Service King Unveils Apprentice Development Program

The Service King Apprentice Development program launches June 30 with expansive rollout planned

CONTACT FOR IMMEDIATE RELEASE

Britton Drown
brittond@firehouseagency.com
972-692-0936

RICHARDSON, Texas – June 29, 2015 – Service King Collision Repair Centers, an industry leading multi-state operator of high-quality collision repair services, today unveiled its most innovative recruiting and development effort in the company’s 39-year history with the launch of the Service King Apprentice Development Program.

The revolutionary program offers a highly immersive, fully compensated 52-week training course developed to prepare incoming technicians for careers at Service King. The Apprentice Development Program will officially debut Tuesday, June 30, in Houston with plans to expand to several markets across the country. The rollout plan features launches in Texas, California, Illinois, Georgia and more in 2015.

“This has long been a vision of ours at Service King,” said Chris Abraham, Service King CEO. “We couldn’t be more proud to officially deploy the Apprentice Development Program. Through the leadership and knowledge of our supervisors and location managers, this program will be an invaluable resource for technicians entering the field or looking to rejuvenate their careers. It’s humbling for us as an organization to provide a clear pathway to rewarding careers in the collision repair industry.”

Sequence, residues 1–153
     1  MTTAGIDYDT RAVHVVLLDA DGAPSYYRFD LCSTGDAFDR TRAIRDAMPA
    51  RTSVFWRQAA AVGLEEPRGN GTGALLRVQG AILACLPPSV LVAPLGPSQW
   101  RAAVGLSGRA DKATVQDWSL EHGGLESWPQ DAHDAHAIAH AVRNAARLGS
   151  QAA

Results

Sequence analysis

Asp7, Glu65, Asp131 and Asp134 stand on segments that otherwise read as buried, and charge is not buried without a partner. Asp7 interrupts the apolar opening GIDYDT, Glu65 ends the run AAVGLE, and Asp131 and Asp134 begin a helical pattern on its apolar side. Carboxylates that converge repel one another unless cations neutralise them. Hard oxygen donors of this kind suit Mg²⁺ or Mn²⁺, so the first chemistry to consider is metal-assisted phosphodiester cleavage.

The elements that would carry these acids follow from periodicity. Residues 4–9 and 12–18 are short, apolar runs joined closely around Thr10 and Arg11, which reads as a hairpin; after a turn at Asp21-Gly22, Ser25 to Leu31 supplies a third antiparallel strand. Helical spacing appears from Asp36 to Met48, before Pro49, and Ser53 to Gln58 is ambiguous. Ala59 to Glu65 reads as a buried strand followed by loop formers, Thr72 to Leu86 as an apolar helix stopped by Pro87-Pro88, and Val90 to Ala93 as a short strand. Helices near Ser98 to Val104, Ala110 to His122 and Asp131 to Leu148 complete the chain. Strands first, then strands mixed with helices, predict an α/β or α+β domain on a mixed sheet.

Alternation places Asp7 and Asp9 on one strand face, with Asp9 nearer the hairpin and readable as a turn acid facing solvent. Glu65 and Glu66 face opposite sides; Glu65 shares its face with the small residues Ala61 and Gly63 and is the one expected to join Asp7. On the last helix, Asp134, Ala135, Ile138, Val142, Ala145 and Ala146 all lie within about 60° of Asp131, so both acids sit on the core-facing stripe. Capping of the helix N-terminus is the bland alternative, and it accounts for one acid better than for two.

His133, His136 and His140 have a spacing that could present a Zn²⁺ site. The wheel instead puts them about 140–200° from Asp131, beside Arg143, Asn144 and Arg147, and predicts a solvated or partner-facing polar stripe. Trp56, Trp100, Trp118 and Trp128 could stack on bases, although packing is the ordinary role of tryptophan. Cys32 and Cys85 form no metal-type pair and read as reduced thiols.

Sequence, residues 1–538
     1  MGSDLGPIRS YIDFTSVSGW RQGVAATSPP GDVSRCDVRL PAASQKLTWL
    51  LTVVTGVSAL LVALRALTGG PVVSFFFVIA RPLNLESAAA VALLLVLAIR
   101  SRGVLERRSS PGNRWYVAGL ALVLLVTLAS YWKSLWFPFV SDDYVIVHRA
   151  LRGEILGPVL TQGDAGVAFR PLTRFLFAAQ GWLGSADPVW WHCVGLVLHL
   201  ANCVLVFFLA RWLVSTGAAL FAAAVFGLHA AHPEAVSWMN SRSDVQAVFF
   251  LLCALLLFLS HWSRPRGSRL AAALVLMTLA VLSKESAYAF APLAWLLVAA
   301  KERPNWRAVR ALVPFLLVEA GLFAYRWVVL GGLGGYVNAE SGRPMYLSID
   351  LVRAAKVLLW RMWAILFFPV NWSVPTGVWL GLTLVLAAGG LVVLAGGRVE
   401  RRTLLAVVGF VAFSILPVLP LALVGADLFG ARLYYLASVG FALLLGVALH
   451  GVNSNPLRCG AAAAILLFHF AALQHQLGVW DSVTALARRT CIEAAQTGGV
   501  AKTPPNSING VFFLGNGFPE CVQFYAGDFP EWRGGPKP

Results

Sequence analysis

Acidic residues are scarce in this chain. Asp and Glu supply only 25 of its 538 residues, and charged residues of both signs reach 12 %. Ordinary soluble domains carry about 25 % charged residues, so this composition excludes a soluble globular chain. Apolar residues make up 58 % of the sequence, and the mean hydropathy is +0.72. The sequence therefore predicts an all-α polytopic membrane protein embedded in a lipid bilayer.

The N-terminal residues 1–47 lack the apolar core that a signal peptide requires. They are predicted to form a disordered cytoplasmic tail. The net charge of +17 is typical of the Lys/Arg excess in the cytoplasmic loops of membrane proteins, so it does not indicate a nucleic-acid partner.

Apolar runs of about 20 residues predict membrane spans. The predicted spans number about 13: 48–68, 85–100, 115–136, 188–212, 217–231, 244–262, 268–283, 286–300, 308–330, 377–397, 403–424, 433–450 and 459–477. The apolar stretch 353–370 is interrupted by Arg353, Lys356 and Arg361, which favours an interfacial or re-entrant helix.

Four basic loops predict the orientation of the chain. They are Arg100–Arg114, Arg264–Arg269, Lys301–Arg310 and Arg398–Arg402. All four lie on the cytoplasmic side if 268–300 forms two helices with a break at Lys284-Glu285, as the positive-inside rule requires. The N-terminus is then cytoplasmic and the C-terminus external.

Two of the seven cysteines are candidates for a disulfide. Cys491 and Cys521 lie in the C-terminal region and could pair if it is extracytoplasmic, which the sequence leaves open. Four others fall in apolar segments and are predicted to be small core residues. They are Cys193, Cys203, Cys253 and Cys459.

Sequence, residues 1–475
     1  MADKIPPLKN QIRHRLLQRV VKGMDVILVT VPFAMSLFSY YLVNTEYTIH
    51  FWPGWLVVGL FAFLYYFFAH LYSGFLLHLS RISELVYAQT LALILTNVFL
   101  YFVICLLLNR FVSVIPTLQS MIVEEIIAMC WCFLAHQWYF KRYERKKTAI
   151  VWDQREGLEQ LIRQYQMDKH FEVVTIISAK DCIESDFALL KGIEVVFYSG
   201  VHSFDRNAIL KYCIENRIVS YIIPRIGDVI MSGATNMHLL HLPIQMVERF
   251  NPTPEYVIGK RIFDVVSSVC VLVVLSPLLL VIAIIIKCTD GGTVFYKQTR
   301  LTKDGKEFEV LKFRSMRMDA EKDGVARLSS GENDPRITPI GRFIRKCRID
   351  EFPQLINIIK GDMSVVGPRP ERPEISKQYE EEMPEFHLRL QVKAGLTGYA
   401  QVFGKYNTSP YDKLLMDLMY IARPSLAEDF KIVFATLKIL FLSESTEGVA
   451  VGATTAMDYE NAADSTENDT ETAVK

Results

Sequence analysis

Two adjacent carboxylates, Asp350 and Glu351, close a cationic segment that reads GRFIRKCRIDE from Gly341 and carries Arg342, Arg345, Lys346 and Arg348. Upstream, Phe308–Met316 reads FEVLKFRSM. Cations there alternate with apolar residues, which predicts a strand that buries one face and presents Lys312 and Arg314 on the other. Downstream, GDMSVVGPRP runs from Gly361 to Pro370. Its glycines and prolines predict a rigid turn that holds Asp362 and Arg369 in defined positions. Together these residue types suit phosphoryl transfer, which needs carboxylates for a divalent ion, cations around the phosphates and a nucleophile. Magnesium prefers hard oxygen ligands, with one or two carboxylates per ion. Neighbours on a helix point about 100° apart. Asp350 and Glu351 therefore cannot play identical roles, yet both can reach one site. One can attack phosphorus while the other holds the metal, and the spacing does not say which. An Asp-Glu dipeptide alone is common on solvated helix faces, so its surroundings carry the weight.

Service King officially welcomed Houston’s inaugural class of apprentice technicians at a kickoff event Monday, June 22.

As part of the program, technicians receive daily on-the-job oversight and training, indulge in a detailed curriculum and progress through a series of competency assessments and succession benchmarks. Technicians are consistently awarded throughout the program and tutored by an assigned Apprentice Supervisor.